Zoltan Korda’s 1939 adaptation of The Four Feathers – based on A. E. W. Mason’s novel – stands as one of the benchmarks of classic British film making. The film received an Oscar nomination for Best Cinematography, as well as a nomination for the prestigious Palme d’Or at the Cannes Film Festival.
The Four Feathers centers around the British recapture of Sudan and Khartoum at the tail end of the nineteenth century. It is in this setting that we are introduced to Harry Faversham (played by John Clements), a British officer from a military lineage, but with objections to the war and an impending marriage on the horizon to the daughter of a retired general. Once Faversham’s father has passed away, he feels that his obligation to keep up a familial military facade has ended, and decides to tender his resignation before his company is sent overseas to join the occupation efforts. His decision to leave is not well received, and by almost everyone: his commanding officer, his regimen, his fiance’s father, and even his fiance herself.
The title is a reference to how some of the other characters show their indignation at his decision. Three of his fellow officers each send him a note with a white feather, as a symbol for his cowardice. Their rebuff wounds Faversham deeply, and he realizes that there may be some truth to their judgement, so in a moment of self-rebuke he pulls a fourth feather for himself. After some soul-searching, he hatches a rather daring plan to both infiltrate the enemy’s ranks and help the war effort, but also to prove to his comrades his true bravery and dedication. In effect, he hopes to make them take back their feathers of cowardice and once again earn their respect. But it’s the tension he wrestles with between his personal convictions and the overall duty to his country and comrades that keep it from being a simple case of flip-flopping.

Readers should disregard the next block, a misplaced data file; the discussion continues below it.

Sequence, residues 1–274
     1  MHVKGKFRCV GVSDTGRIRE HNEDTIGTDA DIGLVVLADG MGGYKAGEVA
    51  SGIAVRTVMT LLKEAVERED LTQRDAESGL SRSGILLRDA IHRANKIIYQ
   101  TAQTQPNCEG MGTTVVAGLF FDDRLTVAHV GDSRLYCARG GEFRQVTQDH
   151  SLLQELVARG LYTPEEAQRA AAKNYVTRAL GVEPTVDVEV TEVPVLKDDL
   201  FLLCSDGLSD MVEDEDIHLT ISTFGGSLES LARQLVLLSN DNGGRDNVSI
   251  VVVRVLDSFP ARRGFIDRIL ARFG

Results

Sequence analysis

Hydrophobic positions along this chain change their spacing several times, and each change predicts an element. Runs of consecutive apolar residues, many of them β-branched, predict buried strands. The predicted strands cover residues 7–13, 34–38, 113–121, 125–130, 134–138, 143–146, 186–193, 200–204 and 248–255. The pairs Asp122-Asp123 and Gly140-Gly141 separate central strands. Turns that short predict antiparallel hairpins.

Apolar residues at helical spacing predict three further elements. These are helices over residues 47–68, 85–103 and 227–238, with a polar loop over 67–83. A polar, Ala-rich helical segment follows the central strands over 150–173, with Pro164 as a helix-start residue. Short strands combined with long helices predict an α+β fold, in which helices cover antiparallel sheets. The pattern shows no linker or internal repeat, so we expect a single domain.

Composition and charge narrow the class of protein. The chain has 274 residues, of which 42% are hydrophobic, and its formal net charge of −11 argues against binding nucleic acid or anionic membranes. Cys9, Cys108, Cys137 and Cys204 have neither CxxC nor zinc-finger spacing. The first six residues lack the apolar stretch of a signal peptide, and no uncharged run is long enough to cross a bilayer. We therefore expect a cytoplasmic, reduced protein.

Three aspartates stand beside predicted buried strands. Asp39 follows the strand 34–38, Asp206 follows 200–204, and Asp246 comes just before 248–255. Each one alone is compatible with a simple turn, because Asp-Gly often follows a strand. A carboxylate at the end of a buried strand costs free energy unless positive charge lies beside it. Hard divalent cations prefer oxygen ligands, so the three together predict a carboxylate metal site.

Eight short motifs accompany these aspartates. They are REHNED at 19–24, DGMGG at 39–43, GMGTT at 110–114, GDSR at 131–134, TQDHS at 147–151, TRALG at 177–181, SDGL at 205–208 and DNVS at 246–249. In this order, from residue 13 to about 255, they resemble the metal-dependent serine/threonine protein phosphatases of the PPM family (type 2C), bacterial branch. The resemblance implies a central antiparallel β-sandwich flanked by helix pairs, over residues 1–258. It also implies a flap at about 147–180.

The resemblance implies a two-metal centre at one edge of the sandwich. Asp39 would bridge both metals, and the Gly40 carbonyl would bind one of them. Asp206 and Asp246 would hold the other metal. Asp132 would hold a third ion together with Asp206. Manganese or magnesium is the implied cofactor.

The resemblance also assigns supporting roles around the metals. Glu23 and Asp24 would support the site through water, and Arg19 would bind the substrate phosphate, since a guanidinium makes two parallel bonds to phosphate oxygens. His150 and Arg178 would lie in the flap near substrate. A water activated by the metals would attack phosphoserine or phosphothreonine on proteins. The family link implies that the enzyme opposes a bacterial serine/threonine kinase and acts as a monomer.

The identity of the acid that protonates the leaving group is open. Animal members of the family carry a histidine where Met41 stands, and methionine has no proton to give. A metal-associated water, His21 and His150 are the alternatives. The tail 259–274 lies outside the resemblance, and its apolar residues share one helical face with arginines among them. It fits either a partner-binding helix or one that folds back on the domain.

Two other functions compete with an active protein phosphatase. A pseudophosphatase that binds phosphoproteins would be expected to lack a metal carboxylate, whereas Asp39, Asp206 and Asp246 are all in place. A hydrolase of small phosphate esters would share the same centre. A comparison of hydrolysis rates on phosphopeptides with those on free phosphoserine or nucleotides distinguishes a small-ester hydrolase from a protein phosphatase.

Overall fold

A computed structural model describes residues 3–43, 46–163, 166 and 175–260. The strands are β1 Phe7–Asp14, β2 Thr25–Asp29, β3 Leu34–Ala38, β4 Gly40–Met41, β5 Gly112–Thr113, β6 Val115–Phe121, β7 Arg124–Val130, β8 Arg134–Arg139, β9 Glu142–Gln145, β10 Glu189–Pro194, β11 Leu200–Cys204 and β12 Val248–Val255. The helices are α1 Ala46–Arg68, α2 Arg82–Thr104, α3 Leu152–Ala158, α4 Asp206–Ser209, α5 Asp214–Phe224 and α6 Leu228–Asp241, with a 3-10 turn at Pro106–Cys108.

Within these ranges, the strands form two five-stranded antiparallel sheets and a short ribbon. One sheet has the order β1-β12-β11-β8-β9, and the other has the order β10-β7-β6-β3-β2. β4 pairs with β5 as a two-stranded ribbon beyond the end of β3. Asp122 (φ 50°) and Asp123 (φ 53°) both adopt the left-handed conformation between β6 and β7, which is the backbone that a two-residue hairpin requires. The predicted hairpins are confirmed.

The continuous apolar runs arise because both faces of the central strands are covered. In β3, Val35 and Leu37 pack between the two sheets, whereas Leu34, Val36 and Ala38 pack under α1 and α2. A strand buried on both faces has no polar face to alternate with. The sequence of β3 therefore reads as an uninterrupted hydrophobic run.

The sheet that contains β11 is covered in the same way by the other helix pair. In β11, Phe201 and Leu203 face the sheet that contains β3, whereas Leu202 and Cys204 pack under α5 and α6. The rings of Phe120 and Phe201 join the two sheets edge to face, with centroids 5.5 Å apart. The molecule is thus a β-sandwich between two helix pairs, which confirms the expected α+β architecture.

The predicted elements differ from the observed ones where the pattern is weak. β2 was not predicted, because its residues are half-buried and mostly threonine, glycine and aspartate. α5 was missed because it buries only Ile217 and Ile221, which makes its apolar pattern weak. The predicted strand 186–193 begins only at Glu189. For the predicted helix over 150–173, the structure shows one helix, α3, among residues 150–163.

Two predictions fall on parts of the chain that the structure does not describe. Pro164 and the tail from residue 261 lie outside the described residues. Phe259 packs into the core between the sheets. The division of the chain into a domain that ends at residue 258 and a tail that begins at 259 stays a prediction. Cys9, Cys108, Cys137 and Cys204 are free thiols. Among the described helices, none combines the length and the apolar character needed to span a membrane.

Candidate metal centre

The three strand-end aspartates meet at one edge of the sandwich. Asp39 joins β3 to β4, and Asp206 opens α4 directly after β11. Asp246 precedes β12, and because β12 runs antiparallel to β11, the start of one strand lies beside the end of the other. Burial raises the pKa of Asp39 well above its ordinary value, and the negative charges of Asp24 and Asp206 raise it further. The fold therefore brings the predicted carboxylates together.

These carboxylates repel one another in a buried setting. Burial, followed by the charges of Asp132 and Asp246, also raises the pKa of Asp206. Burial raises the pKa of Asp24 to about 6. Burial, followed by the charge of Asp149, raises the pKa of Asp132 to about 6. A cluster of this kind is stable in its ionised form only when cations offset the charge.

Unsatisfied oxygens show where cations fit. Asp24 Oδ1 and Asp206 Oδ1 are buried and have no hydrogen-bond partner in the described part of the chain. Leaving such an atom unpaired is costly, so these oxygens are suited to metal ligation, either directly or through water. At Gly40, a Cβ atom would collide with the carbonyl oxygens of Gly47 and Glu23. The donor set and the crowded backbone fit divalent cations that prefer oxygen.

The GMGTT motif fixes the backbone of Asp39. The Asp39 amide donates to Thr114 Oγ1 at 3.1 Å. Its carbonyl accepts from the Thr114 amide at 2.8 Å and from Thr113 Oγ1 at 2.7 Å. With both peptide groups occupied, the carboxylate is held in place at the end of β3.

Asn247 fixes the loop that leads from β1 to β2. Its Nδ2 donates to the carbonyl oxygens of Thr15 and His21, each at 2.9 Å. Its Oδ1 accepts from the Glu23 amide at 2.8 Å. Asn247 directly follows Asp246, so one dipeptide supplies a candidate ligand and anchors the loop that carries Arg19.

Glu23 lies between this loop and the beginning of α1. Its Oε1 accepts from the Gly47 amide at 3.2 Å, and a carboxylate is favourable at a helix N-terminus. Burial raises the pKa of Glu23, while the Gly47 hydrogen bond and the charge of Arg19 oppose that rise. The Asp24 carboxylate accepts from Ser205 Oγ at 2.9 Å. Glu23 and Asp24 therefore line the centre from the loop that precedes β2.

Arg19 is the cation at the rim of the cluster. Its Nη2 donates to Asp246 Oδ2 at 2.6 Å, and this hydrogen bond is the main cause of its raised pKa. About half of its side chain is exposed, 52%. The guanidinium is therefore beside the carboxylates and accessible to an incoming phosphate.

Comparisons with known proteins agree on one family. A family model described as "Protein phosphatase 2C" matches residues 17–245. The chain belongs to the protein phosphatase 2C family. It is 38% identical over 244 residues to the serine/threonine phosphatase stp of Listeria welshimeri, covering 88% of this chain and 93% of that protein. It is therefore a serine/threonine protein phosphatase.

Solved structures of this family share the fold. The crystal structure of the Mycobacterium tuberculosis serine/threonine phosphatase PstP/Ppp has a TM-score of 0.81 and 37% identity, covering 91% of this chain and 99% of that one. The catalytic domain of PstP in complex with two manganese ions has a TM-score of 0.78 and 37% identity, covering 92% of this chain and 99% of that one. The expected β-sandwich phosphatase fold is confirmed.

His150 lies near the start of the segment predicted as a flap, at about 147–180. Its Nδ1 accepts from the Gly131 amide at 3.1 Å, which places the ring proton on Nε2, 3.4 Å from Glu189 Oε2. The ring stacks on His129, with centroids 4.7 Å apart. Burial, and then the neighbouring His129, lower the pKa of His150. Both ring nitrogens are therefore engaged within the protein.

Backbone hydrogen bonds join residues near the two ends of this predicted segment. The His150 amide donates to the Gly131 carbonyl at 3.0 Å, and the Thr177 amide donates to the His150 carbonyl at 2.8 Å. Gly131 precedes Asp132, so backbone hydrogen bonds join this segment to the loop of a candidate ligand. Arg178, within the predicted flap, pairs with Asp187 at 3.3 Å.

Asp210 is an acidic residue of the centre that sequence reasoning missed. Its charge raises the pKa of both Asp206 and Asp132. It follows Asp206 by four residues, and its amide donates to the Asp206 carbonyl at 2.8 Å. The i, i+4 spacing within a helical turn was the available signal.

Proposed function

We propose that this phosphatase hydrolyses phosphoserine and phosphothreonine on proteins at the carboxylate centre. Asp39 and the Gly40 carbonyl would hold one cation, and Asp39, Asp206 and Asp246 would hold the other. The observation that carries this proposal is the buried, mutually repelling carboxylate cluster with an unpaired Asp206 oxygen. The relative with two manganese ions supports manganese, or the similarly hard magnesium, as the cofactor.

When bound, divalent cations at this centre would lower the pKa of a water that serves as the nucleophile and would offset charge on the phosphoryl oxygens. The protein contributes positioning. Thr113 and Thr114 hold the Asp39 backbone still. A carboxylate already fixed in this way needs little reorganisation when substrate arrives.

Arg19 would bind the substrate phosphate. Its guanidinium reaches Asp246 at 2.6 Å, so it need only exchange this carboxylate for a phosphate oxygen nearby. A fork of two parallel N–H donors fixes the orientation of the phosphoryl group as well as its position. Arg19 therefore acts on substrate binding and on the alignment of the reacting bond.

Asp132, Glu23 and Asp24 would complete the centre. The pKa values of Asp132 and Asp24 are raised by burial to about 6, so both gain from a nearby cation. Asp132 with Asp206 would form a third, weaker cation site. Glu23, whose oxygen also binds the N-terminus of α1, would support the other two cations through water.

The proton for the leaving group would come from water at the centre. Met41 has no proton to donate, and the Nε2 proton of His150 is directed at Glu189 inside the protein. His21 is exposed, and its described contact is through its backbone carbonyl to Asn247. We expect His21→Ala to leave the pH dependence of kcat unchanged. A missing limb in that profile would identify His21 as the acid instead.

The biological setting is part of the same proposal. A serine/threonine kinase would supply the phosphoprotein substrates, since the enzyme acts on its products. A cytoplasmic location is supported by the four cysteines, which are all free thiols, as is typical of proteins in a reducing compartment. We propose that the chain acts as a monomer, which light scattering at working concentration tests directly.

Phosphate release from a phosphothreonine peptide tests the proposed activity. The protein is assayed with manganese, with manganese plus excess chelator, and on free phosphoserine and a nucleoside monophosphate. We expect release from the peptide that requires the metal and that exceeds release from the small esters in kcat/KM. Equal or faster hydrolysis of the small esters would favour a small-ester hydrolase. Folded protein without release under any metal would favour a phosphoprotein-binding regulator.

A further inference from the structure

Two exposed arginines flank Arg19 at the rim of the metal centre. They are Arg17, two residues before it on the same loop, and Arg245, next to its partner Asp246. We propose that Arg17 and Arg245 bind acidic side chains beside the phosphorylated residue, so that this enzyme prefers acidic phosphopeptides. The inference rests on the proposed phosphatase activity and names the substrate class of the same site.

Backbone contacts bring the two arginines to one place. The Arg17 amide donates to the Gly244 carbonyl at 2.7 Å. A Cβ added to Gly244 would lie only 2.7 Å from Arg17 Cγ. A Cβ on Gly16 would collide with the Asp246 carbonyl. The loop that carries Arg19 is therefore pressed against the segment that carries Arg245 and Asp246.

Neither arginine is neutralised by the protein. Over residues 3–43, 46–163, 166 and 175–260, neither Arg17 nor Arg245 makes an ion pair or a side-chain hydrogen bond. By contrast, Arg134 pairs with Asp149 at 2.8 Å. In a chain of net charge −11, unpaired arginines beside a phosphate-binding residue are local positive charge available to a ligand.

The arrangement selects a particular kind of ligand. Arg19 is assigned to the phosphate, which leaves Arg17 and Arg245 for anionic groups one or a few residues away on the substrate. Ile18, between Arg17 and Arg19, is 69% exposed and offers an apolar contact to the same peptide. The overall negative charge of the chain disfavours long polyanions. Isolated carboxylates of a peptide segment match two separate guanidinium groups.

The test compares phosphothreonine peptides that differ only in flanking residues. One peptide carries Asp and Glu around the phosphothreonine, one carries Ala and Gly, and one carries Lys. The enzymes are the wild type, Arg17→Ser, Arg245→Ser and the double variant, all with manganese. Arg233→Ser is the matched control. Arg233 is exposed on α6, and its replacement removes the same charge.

The movie balances his story with that of another officer, Captain John Durrance (played by Ralph Richardson) who always seems to be a step behind Harry in life, even though he constantly strives to do the right thing. He had previously also vied for the affection of Harry’s fiance, and naturally feels some resentment at not being chosen. But his duty to the military and to his country remains steadfast, even as he is wounded in battle and left blind. It’s the contrast of these two characters and ideals – tradition versus ingenuity – and how their fates intertwine that pushes the story along.
Korda’s production delivers the tale in lavish style. A large-scale Technicolor picture, The Four Feathers was a monumental shoot in its day that extended from its London studio lot to location footage in Africa. Employing its own veritable army of extras, the battle sequences are every bit as big in scope as the production merits. Although the running time is kept brisk, at just under two hours, the film still feels epic in scope. It is the British equivalent of the Hollywood epic, and matches the effort in both substance and style. Korda’s deft direction is aided by lush cinematography and production design. And although the acting can feel overly formal in delivery at times, it’s a reflection of the style of the times. Some excellent performances by Richardson and C. Aubrey Smith – as the retired general, and father of Faversham’s fiance – enliven the film, and the engaging story help to secure classic status for The Four Feathers.